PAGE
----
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Lois Lambert Gallery opens an exhibition of works by Serena Potter
"Hold up", Oil on canvas, 35" x 30".

by Peter Frank

SANTA MONICA, CA.- Serena Potter’s paintings and drawings draw not only technically and stylistically, but spiritually and subjectively, on several models. Dutch genre painting of the 17th century – and all the schools of genre it spawned – determine the historical context in which Potter conceives and orders her images. She answers to the bourgeois need to have a picture tell a story – ideally about the beholders or people very much like them – but does not necessarily honor the group narcissism that powers that need and (thus) infuses so much genre painting.

In fact, unafraid to introduce odd, unlikely circumstances into her pictures and often relying on allegorical and psychological depictions in place of the natural, Potter reveals that she is exploiting the genre tradition to more subversive ends.

In her adherence to the narrative, Potter employs a confident realistic manner, one readily capable of virtuosity --- she is a master of light and texture – but determined to put such virtuosity at the service of the pictorial task at hand. In this regard she effectively (and knowingly) emulates the conditions of modern photography, artistic and otherwise. Indeed, her pictures expose the casual absurdities of the cellphone snapshot, acknowledging the prevalence of selfies and other banal instances (especially in public fora such as Instagram) but filling the otherwise vacant modality with theatrical, often almost operatic meaning.

Potter’s cause as an artist is highly proactive, rejecting the post-modern passivity contemporary life encourages. She does not espouse political or social positions so much as inhabit them: her feminist sympathies, for instance, manifest in the rich complexity with which she approaches self-depiction. She shows herself a failure, a klutz, a deft or simply lucky improvisor, a hero to her kids, an anxious intimate to her husband, someone who takes the wrong tools to a task and must, heroically, make do.

In other words, Potter not only describes herself, but believes herself, an everywoman, tragic and comic in her ordinariness.There is a touch of the sitcom to the oft-absurd practical jokes she plays on herself, but in the static media of painting and drawing the goofy becomes the momentous, and the unlikely becomes exemplary.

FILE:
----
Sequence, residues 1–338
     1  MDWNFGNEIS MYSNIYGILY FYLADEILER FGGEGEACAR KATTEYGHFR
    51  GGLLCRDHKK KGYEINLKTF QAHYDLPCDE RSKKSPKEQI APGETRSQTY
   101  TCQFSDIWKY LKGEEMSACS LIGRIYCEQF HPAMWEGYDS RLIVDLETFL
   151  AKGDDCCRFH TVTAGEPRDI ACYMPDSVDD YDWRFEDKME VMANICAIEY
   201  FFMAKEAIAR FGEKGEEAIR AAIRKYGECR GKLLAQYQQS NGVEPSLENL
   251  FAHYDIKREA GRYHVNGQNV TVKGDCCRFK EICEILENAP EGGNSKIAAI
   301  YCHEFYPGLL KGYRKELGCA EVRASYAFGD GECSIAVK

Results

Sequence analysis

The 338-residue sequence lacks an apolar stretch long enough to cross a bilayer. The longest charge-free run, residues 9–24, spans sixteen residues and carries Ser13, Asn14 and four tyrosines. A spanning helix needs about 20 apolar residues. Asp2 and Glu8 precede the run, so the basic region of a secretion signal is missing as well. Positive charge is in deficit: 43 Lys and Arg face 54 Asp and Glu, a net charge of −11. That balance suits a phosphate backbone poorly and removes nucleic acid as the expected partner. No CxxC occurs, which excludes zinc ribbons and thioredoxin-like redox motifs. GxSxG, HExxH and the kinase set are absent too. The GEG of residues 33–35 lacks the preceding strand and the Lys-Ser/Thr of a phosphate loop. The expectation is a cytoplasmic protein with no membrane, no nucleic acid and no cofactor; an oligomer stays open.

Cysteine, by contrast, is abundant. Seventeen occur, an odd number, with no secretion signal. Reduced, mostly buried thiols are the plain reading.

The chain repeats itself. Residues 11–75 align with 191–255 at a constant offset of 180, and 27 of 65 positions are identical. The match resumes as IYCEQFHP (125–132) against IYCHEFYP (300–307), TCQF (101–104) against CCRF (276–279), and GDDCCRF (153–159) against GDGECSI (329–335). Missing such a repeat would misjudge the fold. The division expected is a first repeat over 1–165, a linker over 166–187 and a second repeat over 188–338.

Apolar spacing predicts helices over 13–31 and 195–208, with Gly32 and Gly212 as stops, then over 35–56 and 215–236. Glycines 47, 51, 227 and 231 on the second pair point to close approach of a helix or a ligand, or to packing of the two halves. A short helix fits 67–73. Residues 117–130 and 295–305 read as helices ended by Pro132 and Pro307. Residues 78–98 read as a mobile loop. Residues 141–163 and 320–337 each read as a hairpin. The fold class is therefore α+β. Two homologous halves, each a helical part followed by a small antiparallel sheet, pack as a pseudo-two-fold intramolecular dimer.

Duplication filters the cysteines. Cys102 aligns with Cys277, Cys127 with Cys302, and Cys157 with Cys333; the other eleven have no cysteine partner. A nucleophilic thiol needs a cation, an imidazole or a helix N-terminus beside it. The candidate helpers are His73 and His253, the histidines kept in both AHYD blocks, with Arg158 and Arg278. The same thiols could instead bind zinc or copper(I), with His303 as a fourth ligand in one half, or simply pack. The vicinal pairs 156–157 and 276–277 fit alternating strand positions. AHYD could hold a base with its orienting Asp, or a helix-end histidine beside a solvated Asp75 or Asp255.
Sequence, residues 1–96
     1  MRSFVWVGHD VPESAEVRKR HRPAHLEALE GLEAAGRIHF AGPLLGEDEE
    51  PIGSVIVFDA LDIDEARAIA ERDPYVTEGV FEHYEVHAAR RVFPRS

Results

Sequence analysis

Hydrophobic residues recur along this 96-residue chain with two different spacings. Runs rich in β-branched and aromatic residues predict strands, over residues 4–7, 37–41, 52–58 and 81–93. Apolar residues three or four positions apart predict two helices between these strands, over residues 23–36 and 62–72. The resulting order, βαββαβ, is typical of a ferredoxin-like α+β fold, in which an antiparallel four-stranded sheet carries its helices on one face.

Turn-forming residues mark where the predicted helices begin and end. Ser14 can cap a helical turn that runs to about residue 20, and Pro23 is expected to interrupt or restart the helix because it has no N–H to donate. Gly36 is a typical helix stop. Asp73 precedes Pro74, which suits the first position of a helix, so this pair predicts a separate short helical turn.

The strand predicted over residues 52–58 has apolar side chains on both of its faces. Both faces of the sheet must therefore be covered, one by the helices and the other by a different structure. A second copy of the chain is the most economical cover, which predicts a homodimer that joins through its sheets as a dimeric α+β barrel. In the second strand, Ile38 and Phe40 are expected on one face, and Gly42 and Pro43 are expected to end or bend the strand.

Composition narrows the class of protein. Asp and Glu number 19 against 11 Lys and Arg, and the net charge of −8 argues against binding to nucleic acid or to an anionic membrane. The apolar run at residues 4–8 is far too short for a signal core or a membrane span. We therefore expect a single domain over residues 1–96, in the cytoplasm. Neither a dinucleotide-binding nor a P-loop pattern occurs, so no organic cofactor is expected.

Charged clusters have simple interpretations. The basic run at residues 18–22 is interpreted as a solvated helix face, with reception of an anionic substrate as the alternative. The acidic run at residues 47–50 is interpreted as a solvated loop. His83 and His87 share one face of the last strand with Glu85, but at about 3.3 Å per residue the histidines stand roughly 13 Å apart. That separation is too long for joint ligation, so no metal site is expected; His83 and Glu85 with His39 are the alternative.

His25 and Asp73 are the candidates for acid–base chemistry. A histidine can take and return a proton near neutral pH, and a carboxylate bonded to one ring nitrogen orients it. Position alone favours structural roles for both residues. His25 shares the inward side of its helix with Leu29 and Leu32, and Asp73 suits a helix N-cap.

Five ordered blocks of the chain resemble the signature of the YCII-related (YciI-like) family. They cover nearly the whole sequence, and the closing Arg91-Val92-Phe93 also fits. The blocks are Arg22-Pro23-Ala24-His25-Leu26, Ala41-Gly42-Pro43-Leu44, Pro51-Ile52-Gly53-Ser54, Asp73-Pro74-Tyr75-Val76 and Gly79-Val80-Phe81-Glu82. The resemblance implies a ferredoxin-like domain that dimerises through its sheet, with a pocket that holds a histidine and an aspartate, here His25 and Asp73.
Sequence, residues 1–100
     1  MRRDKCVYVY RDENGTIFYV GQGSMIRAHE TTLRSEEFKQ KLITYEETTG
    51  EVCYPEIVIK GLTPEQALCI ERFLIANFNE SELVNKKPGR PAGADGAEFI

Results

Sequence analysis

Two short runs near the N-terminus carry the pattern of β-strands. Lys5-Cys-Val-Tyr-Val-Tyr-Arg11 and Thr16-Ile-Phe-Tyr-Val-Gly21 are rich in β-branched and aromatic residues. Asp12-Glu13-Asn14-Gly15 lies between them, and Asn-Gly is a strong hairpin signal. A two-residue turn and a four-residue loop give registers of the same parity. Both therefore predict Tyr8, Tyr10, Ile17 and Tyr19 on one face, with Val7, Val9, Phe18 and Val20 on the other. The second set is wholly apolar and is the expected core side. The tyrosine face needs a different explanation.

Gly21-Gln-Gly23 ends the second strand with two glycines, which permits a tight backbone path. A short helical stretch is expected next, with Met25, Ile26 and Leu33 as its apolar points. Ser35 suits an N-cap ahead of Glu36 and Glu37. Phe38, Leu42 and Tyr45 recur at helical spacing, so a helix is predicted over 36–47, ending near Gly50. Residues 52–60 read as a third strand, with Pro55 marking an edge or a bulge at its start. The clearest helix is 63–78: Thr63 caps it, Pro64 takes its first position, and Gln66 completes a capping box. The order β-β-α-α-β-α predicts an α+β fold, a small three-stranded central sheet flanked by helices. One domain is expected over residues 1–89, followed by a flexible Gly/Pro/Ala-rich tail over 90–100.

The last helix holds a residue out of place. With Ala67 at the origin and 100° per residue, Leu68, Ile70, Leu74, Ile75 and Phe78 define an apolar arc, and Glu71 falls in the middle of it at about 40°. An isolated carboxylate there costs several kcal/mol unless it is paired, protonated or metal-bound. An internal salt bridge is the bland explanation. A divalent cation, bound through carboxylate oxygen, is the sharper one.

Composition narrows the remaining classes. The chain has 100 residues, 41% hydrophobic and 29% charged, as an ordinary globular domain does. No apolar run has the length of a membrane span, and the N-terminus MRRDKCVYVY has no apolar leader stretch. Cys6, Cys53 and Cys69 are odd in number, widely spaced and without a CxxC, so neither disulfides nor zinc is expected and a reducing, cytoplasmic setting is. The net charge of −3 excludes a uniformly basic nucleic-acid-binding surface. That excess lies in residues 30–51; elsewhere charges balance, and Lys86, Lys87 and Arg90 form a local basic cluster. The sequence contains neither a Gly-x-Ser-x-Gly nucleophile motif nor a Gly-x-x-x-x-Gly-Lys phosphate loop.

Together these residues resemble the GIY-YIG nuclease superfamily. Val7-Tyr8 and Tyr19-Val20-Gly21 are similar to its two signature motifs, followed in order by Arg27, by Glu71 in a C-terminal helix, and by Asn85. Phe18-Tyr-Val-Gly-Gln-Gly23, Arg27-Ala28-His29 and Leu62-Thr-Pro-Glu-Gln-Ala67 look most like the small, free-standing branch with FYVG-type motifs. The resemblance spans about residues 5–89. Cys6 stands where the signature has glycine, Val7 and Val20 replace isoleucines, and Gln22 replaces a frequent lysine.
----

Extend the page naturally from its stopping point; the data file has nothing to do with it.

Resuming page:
In this regard, of course, Potter is nothing if not modern – even modernist (or, if you would, neo-modernist). She casts herself as a cinematic anti- or non-heroine, a kind of female Harold Lloyd who gets confronted by latter-day realities that puncture any sense of self-aggrandizement and leave about as little room for self-pity. Her world is not grand like Georgia O’Keeffe’s, but cozy, banal, and a bit poignant like Edward Hopper’s, and she notes the quotidian inanity all around her even as she tries to navigate its constantly shifting goalposts. She’s Pieter de Hooch as a stand-up comedienne.

Yes, Serena Potter’s pictures, hyperrealistic, intuitive, and satisfyingly unsatisfied, are very much of our time and place. But they are also 19th century in their reliance on at least the possibility of moral lesson, and 20th century in their uneasy comfort, their sense that everything present could disappear in the wake of war, weather, or financial calamity.

(Actually, that makes them up to date, albeit with the threats in a different order.) It’s an anxious realism Potter limns, and such nervousness only amplifies the persuasiveness of her art. She is a life coach in painter’s smock.

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